[openstack-dev] [elastic-recheck] Thoughts on next steps

Clark Boylan clark.boylan at gmail.com
Fri Jan 3 02:53:57 UTC 2014

On Thu, Jan 2, 2014 at 6:44 PM, Clark Boylan <clark.boylan at gmail.com> wrote:
> On Thu, Jan 2, 2014 at 6:29 PM, Sean Dague <sean at dague.net> wrote:
>> A lot of elastic recheck this fall has been based on the ad hoc needs of the
>> moment, in between diving down into the race bugs that were uncovered by it.
>> This week away from it all helped provide a little perspective on what I
>> think we need to do to call it *done* (i.e. something akin to a 1.0 even
>> though we are CDing it).
>> Here is my current thinking on the next major things that should happen.
>> Opinions welcomed.
>> (These are roughly in implementation order based on urgency)
>> = Split of web UI =
>> The elastic recheck page is becoming a mismash of what was needed at the
>> time. I think what we really have emerging is:
>>  * Overall Gate Health
>>  * Known (to ER) Bugs
>>  * Unknown (to ER) Bugs - more below
>> I think the landing page should be Know Bugs, as that's where we want both
>> bug hunters to go to prioritize things, as well as where people looking for
>> known bugs should start.
>> I think the overall Gate Health graphs should move to the zuul status page.
>> Possibly as part of the collection of graphs at the bottom.
>> We should have a secondary page (maybe column?) of the un-fingerprinted
>> recheck bugs, largely to use as candidates for fingerprinting. This will let
>> us eventually take over /recheck.
>> = Data Analysis / Graphs =
>> I spent a bunch of time playing with pandas over break
>> (http://dague.net/2013/12/30/ipython-notebook-experiments/), it's kind of
>> awesome. It also made me rethink our approach to handling the data.
>> I think the rolling average approach we were taking is more precise than
>> accurate. As these are statistical events they really need error bars.
>> Because when we have a quiet night, and 1 job fails at 6am in the morning,
>> the 100% failure rate it reflects in grenade needs to be quantified that it
>> was 1 of 1, not 50 of 50.
>> So my feeling is we should move away from the point graphs we have, and
>> present these as weekly and daily failure rates (with graphs and error
>> bars). And slice those per job. My suggestion is that we do the actual
>> visualization with matplotlib because it's super easy to output that from
>> pandas data sets.
>> Basically we'll be mining Elastic Search -> Pandas TimeSeries -> transforms
>> and analysis -> output tables and graphs. This is different enough from our
>> current jquery graphing that I want to get ACKs before doing a bunch of work
>> here and finding out people don't like it in reviews.
>> Also in this process upgrade the metadata that we provide for each of those
>> bugs so it's a little more clear what you are looking at.
>> = Take over of /recheck =
>> There is still a bunch of useful data coming in on "recheck bug ####" data
>> which hasn't been curated into ER queries. I think the right thing to do is
>> treat these as a work queue of bugs we should be building patterns out of
>> (or completely invalidating). I've got a preliminary gerrit bulk query piece
>> of code that does this, which would remove the need of the daemon the way
>> that's currently happening. The gerrit queries are a little long right now,
>> but I think if we are only doing this on hourly cron, the additional load
>> will be negligible.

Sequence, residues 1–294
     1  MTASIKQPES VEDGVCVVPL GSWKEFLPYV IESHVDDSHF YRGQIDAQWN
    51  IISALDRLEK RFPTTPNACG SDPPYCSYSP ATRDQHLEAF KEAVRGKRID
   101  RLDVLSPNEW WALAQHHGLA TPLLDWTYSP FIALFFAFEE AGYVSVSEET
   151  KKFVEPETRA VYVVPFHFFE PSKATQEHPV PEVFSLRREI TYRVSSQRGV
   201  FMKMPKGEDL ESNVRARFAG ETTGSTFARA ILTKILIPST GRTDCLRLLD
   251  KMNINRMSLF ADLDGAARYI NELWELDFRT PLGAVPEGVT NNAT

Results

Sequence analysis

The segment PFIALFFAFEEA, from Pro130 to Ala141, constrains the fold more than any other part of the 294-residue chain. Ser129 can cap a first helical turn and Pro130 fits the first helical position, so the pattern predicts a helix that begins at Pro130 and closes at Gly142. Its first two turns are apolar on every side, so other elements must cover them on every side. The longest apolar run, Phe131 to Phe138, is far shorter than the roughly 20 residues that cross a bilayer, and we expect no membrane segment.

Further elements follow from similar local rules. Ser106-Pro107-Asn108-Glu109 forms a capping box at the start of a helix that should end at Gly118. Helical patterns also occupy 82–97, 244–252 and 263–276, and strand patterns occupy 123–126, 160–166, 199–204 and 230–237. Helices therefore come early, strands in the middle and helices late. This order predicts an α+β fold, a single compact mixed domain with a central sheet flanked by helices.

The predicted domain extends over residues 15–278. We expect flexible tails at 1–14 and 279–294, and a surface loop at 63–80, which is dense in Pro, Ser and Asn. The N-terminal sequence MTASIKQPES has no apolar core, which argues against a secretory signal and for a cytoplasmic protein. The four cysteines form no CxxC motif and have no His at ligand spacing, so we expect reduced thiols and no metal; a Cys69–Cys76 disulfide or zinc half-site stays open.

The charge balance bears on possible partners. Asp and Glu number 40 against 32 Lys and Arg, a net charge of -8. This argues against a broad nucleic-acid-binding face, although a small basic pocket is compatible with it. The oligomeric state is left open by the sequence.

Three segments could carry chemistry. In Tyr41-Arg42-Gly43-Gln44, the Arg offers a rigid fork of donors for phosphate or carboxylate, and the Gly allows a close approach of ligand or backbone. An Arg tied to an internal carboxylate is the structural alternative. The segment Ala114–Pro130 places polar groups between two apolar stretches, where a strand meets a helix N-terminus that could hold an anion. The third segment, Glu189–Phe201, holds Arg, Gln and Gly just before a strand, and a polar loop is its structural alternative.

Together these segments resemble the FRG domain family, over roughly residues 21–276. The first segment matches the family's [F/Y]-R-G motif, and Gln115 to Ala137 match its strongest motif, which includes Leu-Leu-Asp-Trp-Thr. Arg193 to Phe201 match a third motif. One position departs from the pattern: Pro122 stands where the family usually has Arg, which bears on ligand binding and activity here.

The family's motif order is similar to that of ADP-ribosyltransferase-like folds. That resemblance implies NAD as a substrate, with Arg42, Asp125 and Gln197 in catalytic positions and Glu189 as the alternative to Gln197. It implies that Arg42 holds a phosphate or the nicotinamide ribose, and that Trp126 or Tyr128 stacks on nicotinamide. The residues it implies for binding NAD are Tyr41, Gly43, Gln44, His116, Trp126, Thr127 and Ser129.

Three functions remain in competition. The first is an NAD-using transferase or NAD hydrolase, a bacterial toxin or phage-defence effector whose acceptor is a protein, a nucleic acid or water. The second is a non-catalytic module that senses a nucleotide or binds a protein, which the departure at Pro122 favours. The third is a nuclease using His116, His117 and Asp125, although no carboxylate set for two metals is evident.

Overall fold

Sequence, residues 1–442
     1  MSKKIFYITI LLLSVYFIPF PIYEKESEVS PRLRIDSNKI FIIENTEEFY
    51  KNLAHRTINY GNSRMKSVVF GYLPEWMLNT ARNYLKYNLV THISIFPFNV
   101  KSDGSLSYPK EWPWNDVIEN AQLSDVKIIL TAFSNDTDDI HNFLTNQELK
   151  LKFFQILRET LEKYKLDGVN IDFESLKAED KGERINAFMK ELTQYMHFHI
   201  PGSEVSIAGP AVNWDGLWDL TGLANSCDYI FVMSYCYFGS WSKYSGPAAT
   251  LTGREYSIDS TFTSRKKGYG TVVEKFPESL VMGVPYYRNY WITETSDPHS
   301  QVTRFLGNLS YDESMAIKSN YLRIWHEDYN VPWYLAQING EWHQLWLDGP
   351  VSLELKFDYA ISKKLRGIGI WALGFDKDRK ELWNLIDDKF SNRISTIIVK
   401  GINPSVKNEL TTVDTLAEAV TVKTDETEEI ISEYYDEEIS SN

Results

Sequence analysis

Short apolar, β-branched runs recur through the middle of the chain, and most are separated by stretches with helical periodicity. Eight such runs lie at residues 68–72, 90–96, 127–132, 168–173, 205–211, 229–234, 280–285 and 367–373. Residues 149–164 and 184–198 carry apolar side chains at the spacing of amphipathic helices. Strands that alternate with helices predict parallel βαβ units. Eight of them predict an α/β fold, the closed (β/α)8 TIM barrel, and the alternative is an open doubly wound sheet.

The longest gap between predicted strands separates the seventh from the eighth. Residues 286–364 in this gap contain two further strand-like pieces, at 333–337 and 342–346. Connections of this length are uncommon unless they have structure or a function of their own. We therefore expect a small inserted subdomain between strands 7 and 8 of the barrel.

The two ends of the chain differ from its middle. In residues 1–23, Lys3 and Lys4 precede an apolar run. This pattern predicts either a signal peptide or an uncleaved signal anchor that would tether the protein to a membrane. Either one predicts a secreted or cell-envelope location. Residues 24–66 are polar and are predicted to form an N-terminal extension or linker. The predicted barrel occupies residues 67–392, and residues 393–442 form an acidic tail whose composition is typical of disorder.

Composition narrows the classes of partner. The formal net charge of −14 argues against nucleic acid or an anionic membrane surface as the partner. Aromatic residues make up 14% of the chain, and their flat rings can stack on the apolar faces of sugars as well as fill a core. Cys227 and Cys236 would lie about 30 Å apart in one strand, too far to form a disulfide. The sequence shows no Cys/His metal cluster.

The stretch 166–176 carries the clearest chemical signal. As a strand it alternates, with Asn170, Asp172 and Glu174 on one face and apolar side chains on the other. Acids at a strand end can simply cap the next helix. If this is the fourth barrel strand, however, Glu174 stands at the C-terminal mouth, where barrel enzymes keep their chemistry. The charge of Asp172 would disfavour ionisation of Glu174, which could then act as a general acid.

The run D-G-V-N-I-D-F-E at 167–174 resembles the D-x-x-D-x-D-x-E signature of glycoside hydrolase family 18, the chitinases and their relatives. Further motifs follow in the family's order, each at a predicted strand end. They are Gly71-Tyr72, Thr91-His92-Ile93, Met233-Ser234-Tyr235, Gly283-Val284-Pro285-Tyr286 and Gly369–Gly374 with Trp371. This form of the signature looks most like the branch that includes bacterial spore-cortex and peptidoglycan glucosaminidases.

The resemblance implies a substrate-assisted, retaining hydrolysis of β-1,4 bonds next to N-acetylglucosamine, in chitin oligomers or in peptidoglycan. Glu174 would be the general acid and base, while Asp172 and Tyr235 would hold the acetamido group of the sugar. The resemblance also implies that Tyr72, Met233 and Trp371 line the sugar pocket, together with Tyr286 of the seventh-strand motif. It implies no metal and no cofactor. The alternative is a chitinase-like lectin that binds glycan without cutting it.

>> This would get us into a single view, which I think would be more
>> informative than the one we currently have.
>> = Categorize all the jobs =
>> We need a bit of refactoring to let us comment on all the jobs (not just
>> tempest ones). Basically we assumed pep8 and docs don't fail in the gate at
>> the beginning. Turns out they do, and are good indicators of infra /
>> external factor bugs. They are a part of the story so we should put them in.
>> = Multi Line Fingerprints =
>> We've definitely found bugs where we never had a really satisfying single
>> line match, but we had some great matches if we could do multi line.
>> We could do that in ER, however it will mean giving up logstash as our UI,
>> because those queries can't be done in logstash. So in order to do this
>> we'll really need to implement some tools - cli minimum, which will let us
>> easily test a bug. A custom web UI might be in order as well, though that's
>> going to be it's own chunk of work, that we'll need more volunteers for.
>> This would put us in a place where we should have all the infrastructure to
>> track 90% of the race conditions, and talk about them in certainty as 1%,
>> 5%, 0.1% bugs.
>>         -Sean
>> --
>> Sean Dague
>> Samsung Research America
>> sean at dague.net / sean.dague at samsung.com
>> http://dague.net
>> _______________________________________________
>> OpenStack-dev mailing list
>> OpenStack-dev at lists.openstack.org
>> http://lists.openstack.org/cgi-bin/mailman/listinfo/openstack-dev
> This is great stuff. Out of curiousity is doing the graphing with
> pandas and ES vs graphite so that we can graph things in a more ad hoc
> fashion? Also, for the dashboard, Kibana3 does a lot more stuff than
> Kibana2 which we currently use. I have been meaning to get Kibana3
> running alongside Kibana2 and I think it may be able to do multi line
> queries (I need to double check that but it has a lot more query and
> graphing capability). I think Kibana3 is worth looking into as well
> before we go too far down the road of custom UI.
> Clark

A quick check at http://demo.kibana.org/#/dashboard shows that while
it supports multiple queries it just ORs all of the results together.
So it doesn't quite do what we need.


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